Are the folks who led us into the mess the best ones to lead us out? Yesterday in a speech on credit crisis, Hillary Clinton called for the president to appoint an "Emergency Working Group on Foreclosures," led by "a distinguished non-partisan group of economic leaders like Alan Greenspan, Robert Rubin, Paul Volcker." (emphasis added) This "proactive step," she argued, would "help re-establish confidence in our economy." The group's first order of business would be to assess whether and how the government should "buy, restructure and resell underwater mortgages."
Alan Greenspan, former head of the Federal Reserve, is the official most directly responsible for the current crisis. He not only failed to demand and enforce regulation of the shadow banking system at the heart of the credit collapse, but he served as cheerleader in chief for both the housing bubble and the exotic financial innovations that turned the staid home mortgage market into a speculative casino. Bob Rubin, Secretary of the Treasury under Clinton, made financial deregulation his signature, including repeal of the Depression Era Glass-Steagall Act designed to limit the conflicts of interest at the heart of the current debacle. As chief strategist of Citibank, he presumably helped lead that bank into billions of losses in mortgage backed securities. He would have a direct financial interest in the terms of any federal refinancing of home mortgages.
Greenspan and Rubin were once hailed as the Committee to Save the World. Are we now to engage them to save us from the world they helped create?
Hillary isn't alone. John McCain admitted that "The issue of economics is not something I've understood as well as I should." But he said, "I've got Greenspan's book." The Obama's campaign response to Hillary's proposal was to say that he had suggested a similar group last fall, although his economic advisor did caution against having people on the committee with a stake in the outcome. As the charts below show, banks and investment houses are by far the leading contributors to both the Obama and Clinton campaigns (not surprisingly, since that's who's been making most of the money in the past decade).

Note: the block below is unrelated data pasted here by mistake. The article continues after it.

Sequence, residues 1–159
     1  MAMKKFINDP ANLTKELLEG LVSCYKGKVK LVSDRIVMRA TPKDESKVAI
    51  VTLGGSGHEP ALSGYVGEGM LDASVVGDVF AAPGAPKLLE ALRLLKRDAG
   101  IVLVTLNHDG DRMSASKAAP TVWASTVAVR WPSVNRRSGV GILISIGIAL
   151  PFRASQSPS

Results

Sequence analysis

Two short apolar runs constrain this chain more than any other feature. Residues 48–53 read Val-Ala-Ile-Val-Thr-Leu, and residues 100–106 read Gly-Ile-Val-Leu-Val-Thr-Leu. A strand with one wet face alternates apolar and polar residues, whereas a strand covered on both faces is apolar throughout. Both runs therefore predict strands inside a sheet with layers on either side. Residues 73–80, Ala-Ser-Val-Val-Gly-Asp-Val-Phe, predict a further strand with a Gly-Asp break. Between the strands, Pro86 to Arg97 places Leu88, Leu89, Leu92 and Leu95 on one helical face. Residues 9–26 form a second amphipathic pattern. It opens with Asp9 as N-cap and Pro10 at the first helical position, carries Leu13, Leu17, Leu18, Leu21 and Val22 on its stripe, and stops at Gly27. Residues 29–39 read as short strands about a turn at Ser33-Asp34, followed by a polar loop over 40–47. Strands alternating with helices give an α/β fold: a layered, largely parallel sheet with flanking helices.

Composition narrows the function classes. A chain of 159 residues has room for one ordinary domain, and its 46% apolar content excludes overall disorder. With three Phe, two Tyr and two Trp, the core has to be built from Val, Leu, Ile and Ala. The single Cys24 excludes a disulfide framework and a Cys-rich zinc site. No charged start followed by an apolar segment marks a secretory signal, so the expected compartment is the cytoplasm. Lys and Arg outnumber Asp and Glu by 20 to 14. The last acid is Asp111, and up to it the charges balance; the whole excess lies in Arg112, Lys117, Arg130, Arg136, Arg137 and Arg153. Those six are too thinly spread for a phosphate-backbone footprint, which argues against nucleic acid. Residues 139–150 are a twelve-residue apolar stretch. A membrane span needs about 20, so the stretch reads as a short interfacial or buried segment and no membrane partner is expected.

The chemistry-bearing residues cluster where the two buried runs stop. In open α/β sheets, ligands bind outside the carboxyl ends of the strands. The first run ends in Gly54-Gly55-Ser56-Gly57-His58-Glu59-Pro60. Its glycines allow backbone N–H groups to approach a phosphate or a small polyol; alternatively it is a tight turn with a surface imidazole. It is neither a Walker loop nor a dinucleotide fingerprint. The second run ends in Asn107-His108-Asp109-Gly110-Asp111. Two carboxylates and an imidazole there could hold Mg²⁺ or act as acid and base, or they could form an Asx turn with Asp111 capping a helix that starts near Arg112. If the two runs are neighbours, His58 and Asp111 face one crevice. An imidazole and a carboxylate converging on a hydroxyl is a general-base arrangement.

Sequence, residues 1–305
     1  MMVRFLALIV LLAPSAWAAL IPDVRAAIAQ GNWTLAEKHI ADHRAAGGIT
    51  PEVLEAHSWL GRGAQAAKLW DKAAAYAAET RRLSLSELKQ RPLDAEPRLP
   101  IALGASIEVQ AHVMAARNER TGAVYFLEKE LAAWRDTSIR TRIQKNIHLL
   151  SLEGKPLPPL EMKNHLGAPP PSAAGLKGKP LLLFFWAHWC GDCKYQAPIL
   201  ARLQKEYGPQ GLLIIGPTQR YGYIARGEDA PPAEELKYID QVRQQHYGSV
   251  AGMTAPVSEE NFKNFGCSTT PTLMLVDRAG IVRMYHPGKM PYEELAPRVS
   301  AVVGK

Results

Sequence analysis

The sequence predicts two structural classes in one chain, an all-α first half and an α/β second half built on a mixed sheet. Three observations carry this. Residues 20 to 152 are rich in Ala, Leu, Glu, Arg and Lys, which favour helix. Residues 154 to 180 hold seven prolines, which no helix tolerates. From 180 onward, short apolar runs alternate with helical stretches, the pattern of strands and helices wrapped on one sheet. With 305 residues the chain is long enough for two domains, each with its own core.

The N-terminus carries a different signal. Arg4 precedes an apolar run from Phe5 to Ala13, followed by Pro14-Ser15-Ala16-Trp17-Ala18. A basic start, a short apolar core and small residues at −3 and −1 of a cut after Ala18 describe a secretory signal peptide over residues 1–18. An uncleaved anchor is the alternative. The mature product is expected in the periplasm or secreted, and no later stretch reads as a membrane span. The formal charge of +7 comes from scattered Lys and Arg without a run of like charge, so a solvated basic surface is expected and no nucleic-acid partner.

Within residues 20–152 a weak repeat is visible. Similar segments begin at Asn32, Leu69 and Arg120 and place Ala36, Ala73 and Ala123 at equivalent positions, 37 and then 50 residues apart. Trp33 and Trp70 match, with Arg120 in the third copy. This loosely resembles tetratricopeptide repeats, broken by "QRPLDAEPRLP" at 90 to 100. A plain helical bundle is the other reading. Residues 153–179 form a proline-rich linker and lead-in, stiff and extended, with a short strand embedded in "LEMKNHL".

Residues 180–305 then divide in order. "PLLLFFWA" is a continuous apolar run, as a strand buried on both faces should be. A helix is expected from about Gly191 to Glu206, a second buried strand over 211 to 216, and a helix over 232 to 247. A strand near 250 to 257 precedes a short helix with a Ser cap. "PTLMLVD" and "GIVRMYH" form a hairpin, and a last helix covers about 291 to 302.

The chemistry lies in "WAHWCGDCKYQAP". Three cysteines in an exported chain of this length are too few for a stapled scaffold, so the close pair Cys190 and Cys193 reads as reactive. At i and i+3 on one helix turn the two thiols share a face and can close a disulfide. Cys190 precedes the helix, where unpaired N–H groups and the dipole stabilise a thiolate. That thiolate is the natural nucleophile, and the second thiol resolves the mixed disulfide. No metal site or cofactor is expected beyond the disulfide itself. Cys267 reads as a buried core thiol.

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This is no small matter. We are headed to a taxpayer funded intervention into the housing-credit debacle. The Federal Reserve has already committed hundreds of billions to support the squirrely securities of unregulated investment houses. If the crisis continues to get worse -- which seems likely -- Congress will be forced to step in to try to avoid a deep and long recession or worse. Already Senator Chris Dodd and Representative Barney Frank are developing plans for a federal agency to buy up the mortgages of homes that are "under water" -- worth less than the mortgage. This would get the bad paper off the balance sheets of the banks and investment houses, and refinance homeowners at a lower price. Hundreds of billions will be at stake in the terms of those deals -- how much loss the banks and investment houses are forced to absorb, how low the new price of the house is set, how much the government will risk. As Bob Rubin has stated, any bailout should include regulation of the unregulated shadow banking sector, with strict requirements on capital reserves to limit leveraging and gambling with other people's money. Any bailout should also begin to regulate bankers' remuneration, to curb the multi-million dollar personal incentives they now have to make riskier and riskier bets. To get this right, an administration will need leaders knowledgeable enough to negotiate these rapids, but independent enough to protect the public interest.
That won't be easy in any case, but the folks who helped dig the hole we are in aren't likely to be the best in getting us out of it.
Robert L. Borosage is the president of the Institute for America's Future and co-director of its sister organization, the Campaign for America's Future.
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